Instead I prefer to set a plan of action. I use logical figures and facts and estimate where things are going to end up on a time line, so that at any given moment I know what my progress is and how far off I am from my estimate. I guess what I am saying is that to me it makes more sense to plot an expected target and realistically (with rough numbers to back it up) make out a plan to follow. Sort of my brain’s roadmap or instruction set of how to accomplish the task it set out to do. Maybe it’s just my engineering background or project management, but I like to have a course of action and be able to know where I am at any given time.

So with that said, 2008 came to a close just as we got the truck paid off. So in 2008 we paid off the last of the sallie mae private student loan, paid off the siding loan from the house and paid off the pickup.

The 2009 Plan of action:
  • Item 1: Continued Debt Reduction:

For 2009 it will be a short list for debt reduction as the house is the next target. The mortgage is currently at just over 33K right now.

Our plan is to add the $800 a month we were putting on the truck and put that on top of the mortgage payment, making it out to a nice even $1200/month starting in February.

So taking out the interest, taxes and insurances… it should track as follows:

January – $33,300 starting balance
====Start $1200/month payments
February – $32,400
March – $31,500
====Call and remove PMI, saves us another $20/month
April – $30,580
May – $29,660
June – $28,740
July – $27,820
August – $26,900
September – $25,980
October – $25,060
November – $24,140
December – $23,220

Now these are just rough numbers, but planning things out, we should at around a $23k balance by the end of the year. That’s motivating. Hopefully we can keep this up, if so we should have the house paid off around the fall of 2011.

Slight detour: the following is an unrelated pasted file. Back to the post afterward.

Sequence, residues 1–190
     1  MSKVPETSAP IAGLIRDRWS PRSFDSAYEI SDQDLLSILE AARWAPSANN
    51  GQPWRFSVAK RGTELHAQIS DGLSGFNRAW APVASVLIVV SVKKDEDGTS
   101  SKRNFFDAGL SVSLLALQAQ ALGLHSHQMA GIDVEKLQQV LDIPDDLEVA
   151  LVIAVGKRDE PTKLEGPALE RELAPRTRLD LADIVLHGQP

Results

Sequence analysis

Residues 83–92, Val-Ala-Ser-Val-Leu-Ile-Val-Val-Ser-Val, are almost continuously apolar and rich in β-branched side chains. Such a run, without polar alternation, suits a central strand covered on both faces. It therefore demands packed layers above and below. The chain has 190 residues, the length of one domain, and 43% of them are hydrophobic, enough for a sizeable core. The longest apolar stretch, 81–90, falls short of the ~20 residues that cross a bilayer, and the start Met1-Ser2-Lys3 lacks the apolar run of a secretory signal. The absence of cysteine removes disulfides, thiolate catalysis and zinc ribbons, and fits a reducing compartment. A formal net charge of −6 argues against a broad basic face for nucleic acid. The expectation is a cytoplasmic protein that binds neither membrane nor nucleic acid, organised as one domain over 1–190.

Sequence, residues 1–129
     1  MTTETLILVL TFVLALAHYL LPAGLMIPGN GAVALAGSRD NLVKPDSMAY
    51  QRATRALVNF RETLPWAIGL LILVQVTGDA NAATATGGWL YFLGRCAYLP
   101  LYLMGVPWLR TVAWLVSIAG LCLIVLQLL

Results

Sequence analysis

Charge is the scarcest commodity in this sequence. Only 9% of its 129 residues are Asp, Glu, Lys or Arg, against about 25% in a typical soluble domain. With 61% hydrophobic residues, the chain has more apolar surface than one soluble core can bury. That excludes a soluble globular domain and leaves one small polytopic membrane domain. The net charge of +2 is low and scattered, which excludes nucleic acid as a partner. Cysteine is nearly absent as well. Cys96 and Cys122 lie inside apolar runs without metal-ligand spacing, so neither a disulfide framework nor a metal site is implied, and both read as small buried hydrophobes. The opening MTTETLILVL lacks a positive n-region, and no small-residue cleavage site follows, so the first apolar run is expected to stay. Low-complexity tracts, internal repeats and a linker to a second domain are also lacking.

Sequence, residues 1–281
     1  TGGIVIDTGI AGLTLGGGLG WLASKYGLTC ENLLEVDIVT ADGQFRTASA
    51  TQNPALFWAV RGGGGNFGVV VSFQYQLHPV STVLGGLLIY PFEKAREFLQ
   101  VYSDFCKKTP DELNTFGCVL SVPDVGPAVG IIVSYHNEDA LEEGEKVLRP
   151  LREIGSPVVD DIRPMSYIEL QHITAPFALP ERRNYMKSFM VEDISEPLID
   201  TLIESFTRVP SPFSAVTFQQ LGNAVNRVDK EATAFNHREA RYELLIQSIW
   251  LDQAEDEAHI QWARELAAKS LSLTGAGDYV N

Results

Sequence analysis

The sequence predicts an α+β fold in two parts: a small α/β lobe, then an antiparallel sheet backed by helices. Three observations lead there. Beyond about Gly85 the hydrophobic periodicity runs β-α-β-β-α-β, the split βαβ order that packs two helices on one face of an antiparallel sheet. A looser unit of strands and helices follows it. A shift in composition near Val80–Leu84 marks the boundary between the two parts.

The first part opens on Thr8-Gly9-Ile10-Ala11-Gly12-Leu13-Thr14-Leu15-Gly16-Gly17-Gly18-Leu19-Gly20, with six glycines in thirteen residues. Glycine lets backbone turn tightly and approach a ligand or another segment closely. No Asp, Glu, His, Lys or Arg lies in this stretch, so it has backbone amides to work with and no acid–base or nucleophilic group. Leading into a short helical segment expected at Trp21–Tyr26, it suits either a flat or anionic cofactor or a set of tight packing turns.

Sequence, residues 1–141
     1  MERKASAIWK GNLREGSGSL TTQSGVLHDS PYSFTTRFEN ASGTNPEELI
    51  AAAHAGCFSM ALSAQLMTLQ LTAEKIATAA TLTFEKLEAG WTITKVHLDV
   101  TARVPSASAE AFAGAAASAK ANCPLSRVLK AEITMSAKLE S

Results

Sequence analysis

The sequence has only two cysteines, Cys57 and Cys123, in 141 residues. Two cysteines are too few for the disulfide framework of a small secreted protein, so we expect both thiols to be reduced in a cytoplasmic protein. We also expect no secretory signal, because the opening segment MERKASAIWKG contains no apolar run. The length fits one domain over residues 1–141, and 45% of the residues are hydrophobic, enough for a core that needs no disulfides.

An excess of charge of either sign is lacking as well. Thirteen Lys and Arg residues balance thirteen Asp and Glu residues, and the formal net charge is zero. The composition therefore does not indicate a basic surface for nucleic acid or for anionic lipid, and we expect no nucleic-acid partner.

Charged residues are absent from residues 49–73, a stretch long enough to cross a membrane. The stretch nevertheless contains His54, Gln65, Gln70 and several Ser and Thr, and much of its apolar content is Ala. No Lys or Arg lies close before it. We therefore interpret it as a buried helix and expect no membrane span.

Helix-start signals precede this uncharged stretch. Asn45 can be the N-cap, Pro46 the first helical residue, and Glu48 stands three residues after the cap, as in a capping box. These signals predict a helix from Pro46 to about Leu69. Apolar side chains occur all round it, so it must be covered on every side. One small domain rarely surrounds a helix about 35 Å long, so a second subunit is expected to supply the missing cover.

• Item 2: Start a savings account:

In the past we were also adding snowflakes on top of the debt snowball. We will not be doing this from now on as dealing with the mortgage company is a PITA. Instead, since we do not have any savings other than the extra $1000 we have in the checking account for emergencies, we are going to put any extra money from and our free money endeavors, selling stuff on ebay/half, birthday money and overtime money into a savings account. While we don’t plan to religiously add to this, we will periodically re-balance the checking account and transfer the excess over the basic $1000 dollar float into that new savings account.

  • Item 3: Funding the HSA medical expense account:

Since my employer has us on this horrible HSA account with an insane $6k deductable, I was putting $240/month into this health savings account just for paying medical bills. We basically broke even in 2008, so I am going to continue to put $240/month in there this year hoping that since the kiddo is at home with momma now he won’t get as sick this year.

  • Item 4: Funding the 401K

It’s really hard to force myself to put money into this knowing that every time I log on nowadays the balance is down about 10% from the last time I looked. However my employer matches 35 cents on the dollar up to 10% so I need to take advantage of that. While I can’t afford to put in 10% right now, I am going to stay the course from last year and continue putting in 4%. After we are debt free in a couple years I am going to make this a priority, but for now paying off the debt is the priority and we are still putting some in there.